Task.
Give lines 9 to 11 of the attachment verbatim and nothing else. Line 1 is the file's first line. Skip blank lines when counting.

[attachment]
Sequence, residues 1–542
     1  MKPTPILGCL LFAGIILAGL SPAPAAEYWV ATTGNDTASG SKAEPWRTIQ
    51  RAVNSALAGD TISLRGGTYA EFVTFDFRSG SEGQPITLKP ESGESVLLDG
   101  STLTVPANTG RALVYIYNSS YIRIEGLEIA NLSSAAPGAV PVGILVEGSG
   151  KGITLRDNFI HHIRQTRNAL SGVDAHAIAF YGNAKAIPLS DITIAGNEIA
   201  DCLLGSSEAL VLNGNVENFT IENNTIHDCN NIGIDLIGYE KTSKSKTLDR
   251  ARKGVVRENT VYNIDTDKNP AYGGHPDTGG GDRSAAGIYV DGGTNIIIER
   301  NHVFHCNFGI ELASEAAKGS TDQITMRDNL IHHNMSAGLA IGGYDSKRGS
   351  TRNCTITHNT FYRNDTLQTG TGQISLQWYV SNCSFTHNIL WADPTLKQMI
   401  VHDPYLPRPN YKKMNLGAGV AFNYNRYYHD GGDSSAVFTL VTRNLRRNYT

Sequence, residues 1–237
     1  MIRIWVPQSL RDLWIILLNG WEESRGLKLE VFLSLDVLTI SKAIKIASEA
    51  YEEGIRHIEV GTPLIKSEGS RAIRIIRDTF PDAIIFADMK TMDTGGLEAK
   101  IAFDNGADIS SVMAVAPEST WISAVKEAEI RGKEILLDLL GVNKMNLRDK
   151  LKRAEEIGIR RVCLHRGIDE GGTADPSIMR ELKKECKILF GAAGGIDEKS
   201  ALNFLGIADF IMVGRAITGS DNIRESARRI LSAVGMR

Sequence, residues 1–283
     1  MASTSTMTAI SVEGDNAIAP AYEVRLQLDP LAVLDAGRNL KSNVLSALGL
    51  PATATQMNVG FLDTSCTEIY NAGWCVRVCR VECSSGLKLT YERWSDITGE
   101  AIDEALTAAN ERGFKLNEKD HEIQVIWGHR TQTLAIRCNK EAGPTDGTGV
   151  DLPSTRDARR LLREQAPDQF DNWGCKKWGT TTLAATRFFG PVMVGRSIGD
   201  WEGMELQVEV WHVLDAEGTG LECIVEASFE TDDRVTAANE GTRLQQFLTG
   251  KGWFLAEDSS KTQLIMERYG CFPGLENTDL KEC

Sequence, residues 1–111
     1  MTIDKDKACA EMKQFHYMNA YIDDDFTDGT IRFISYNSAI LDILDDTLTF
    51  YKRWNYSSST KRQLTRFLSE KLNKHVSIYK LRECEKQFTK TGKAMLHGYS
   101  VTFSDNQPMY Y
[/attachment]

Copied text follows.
   351  TRNCTITHNT FYRNDTLQTG TGQISLQWYV SNCSFTHNIL WADPTLKQMI
   401  VHDPYLPRPN YKKMNLGAGV AFNYNRYYHD GGDSSAVFTL VTRNLRRNYT

Sequence, residues 1–237